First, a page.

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Re: multiarch/bi-arch status (ETA) question

Goswin von Brederlow wrote:
> Thomas Steffen writes:
> > That is the theory, and I do believe in theory... until something more
> > practical comes along. I use Openoffice, Acrobat Reader, Partimage,
> > Mplayer, a bit of Wine, Oracle and sometimes Matlab for Linux. That
> > makes seven applications that are not supported on pure-amd64. To the
> > average user, running or not running seven applications is *way* more
> > important than your theory. In fact, the average user is probably
> > better off with a 32bit system, until he/she has 4 GB of memory.


> Hmm, I use Acrobat Reader, Mplayer and a bit of Wine on my
> pure64. What problems do you have?

The typical user considers flash in the web browser manditory.  It is
not DFSG free.  The free software advocate will claim it evil, and it
is, and will refuse to use it.  But the typical user who doesn't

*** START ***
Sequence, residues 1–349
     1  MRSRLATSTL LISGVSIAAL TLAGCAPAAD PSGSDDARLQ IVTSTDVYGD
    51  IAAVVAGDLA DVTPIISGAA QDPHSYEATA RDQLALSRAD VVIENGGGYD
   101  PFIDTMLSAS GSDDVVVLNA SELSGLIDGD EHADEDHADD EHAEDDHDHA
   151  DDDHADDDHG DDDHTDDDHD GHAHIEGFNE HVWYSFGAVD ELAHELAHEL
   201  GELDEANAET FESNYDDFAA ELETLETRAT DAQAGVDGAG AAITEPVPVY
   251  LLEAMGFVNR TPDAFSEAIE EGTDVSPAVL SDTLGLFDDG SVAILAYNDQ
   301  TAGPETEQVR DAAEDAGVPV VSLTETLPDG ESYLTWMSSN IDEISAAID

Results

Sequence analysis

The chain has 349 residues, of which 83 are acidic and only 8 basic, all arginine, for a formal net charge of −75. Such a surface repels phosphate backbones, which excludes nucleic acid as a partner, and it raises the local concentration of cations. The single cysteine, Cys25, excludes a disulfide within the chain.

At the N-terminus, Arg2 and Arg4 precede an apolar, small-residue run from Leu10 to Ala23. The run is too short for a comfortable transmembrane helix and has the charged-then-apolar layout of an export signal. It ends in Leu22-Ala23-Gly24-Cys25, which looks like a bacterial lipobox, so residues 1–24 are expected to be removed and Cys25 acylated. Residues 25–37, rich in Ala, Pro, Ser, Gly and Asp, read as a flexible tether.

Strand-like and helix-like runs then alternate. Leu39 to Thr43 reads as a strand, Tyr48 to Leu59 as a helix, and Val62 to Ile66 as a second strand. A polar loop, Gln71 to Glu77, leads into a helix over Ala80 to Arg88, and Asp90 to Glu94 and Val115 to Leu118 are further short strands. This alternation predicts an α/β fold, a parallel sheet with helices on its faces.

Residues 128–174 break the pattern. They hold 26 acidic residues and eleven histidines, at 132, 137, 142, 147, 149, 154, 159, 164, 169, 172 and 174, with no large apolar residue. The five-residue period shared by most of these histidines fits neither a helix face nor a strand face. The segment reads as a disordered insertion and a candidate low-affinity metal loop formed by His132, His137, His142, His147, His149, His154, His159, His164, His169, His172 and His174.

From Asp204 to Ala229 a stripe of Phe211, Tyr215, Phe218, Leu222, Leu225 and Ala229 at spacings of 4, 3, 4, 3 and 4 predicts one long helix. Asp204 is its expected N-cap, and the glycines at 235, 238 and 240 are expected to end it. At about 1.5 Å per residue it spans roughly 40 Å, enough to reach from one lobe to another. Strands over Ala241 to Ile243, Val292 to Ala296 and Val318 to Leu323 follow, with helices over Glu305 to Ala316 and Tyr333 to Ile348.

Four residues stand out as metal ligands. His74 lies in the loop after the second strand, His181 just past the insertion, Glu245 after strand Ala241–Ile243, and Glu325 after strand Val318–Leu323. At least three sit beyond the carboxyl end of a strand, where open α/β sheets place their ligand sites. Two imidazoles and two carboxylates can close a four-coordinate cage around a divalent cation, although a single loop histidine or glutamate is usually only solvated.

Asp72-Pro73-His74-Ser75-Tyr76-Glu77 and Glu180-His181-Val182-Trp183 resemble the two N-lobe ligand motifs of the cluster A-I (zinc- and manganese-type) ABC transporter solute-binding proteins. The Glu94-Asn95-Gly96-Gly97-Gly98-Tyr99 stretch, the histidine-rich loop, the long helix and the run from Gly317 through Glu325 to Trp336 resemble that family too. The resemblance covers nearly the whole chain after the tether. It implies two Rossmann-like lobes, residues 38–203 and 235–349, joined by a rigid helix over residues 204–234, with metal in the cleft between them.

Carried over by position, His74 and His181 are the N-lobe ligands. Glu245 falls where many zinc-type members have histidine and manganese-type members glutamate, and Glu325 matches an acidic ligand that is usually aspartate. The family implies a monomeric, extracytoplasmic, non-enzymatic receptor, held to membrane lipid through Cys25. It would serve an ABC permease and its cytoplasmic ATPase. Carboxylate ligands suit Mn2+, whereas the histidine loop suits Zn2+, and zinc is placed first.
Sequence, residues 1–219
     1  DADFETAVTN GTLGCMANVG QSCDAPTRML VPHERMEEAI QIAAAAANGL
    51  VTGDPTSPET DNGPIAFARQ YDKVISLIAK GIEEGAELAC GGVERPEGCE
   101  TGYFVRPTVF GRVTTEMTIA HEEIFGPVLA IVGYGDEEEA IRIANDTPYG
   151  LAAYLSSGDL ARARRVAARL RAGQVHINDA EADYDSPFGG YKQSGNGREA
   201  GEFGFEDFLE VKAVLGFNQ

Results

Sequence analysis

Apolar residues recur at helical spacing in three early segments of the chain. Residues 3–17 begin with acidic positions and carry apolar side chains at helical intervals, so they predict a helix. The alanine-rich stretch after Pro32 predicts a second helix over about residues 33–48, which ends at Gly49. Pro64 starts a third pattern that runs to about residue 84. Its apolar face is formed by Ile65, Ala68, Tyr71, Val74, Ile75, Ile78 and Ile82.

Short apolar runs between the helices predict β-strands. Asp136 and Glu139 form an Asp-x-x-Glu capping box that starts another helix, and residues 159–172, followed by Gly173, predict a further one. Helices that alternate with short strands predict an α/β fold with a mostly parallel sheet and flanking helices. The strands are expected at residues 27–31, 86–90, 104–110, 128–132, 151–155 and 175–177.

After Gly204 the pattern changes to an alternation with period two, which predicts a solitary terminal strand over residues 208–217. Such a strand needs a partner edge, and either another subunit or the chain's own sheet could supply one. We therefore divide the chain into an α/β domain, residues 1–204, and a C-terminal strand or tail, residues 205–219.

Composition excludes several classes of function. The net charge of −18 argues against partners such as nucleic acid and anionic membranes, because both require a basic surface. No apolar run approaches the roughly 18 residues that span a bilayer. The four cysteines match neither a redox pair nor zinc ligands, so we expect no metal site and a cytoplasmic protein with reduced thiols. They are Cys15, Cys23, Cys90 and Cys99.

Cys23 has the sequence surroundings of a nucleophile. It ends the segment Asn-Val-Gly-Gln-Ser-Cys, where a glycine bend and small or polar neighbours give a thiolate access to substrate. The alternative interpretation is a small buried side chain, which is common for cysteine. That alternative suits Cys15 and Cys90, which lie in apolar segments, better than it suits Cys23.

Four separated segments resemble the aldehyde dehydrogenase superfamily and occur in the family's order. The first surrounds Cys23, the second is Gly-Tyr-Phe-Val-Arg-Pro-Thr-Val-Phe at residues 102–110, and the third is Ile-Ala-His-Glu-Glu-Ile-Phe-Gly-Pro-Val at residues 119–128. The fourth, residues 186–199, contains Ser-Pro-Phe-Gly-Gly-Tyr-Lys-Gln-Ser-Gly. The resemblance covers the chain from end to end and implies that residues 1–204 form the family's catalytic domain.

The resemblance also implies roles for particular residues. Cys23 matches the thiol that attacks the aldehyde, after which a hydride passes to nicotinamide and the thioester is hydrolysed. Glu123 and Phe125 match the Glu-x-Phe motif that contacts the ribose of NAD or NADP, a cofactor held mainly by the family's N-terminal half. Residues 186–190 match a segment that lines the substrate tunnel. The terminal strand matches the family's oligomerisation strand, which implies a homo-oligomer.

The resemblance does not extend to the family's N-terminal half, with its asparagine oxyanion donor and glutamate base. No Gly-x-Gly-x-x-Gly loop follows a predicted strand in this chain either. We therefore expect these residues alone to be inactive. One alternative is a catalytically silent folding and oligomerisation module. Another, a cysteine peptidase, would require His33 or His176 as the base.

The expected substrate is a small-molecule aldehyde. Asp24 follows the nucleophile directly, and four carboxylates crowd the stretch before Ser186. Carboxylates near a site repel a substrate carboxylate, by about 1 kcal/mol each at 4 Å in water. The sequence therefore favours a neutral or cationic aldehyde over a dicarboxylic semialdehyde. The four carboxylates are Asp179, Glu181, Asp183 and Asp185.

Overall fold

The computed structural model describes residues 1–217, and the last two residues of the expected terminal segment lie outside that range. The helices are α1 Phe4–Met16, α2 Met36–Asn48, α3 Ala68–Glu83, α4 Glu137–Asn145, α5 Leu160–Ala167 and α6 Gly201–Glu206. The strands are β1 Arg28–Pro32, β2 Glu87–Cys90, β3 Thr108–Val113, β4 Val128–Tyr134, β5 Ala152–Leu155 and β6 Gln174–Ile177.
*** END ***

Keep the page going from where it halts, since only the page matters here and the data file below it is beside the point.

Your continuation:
really care about the politics will refuse to use any system that does
not provide the fluff and glitter to which they have become adicted.

I have set up those users in a 32-bit system so that they can run
firefox along with all of the non-free plugins to which they are
adicted.  It is the lowest common denominator at the moment.  Sad but
true.  But with a 64-bit subsystem we can still run our large memory
cad tools on the same system.

> >> 1) We don't care about anything that's not free software. (This is already
> >> too much for most people, but let's say that's no problem...)
> >
> > Yep, that is the Debian stance. And Debian constantly redefines what
> > counts as free software, which means you can suddenly be out in the
> > rain.

I could say some choice words here too.  But really the extremests are
driving all of the moderates out of Debian.  In the end I think all of
the moderates will be running Ubuntu.


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